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Laverne Cox: 'Beyonce represents excellence'

Published 07/09/2016

Laverne Cox
Laverne Cox

Laverne Cox related to so many of Tina Turner's songs as she grew up, because of the "pain, pleasure and agony" she expressed in her tunes.

Laverne Cox kept Beyonce's work ethic in mind whenever she struggled with her role in The Rocky Horror Picture Show remake.

The 32-year-old actress plays Dr. Frank-N-Furter in the reboot of the cult 1975 movie, and previously described it as "the scariest thing I've ever done in my life".

But whenever Laverne felt herself flagging during the tough regime she had to undergo to prepare herself for the musical part, she just thought of Formation singer Beyonce, and what she would do in her situation.

"(She) represents excellence. Her work ethic is like nobody else I’ve ever seen," Laverne told America's Cosmopolitan magazine. "There were so many moments when I was shooting Rocky Horror and I’d be exhausted. My body would be hurting and I’d be like, 'Beyonce. Beyonce does this.' You have to just put in the work."

The Orange Is the New Black star dresses as Beyonce for the October issue of the publication, as part of a feature about the women who inspire her the most. She dons a black bodysuit and metal glove in tribute to the singer's now iconic Single Ladies video look.

Another person who has inspired Laverne dramatically through her life is Simply the Best hitmaker Tina Turner. Wearing the singer's trademark big hair with a denim jacket over a black dress, Laverne explained that she was able to relate to Tina's songs.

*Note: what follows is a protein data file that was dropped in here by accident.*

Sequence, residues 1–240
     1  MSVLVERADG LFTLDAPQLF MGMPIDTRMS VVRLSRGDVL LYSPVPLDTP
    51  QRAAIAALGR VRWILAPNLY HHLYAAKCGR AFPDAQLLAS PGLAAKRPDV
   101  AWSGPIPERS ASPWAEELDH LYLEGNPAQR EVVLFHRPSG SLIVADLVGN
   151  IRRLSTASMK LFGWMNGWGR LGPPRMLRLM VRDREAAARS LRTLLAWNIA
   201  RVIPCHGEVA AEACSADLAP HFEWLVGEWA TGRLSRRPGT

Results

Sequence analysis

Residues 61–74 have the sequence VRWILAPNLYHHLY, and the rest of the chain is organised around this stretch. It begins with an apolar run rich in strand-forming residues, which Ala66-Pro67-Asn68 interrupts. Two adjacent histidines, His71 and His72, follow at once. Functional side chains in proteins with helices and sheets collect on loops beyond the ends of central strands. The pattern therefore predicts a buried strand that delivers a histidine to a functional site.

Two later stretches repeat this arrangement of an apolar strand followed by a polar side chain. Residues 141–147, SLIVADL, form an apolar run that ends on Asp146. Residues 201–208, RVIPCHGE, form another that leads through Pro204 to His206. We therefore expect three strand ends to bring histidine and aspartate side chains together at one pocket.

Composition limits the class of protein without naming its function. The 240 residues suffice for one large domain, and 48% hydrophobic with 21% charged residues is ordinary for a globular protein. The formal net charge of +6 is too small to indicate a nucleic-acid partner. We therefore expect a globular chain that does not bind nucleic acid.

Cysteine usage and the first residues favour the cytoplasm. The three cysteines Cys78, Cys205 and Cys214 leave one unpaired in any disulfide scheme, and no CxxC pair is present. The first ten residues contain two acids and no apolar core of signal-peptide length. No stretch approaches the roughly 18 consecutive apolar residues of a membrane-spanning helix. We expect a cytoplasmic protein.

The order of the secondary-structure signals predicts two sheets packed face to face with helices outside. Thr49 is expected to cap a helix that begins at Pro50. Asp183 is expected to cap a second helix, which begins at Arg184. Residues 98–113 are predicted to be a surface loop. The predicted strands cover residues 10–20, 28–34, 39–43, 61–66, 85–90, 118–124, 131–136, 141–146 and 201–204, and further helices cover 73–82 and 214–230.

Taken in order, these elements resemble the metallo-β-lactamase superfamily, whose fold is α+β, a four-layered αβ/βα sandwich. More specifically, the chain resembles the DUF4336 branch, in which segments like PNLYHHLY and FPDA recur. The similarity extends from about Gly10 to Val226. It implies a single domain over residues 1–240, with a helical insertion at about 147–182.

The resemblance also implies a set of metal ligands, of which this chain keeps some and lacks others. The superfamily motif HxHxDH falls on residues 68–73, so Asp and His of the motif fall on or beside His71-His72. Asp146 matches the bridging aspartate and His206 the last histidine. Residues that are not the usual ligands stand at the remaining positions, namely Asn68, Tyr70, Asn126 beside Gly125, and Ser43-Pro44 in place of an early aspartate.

"The pain, pleasure, and agony of all she's been through is in her voice," Laverne said. "Her story is the story of so many black women who’ve endured abuse and come out the other side in such a brilliant, beautiful way."

As well as her acting work, the star has become famous for being an activist for the rights of the transgender community, being a transgender woman herself, and Laverne cites trailblazer 70's model Tracey Africa for helping her start the campaign she now works so hard to promote.

"She was a black trans woman who modelled in the ’70s and had cosmetics deals and a hair contract with Clairol," she gushed. "It was a big deal.

"People think, 'Oh, this trans revolution is just starting,' but we’ve been around for a very long time. It’s important to know that there's been a path blazed for me."

Laverne also honours singers Janet Jackson, Josephine Baker, and Leontyne Price in the magazine.

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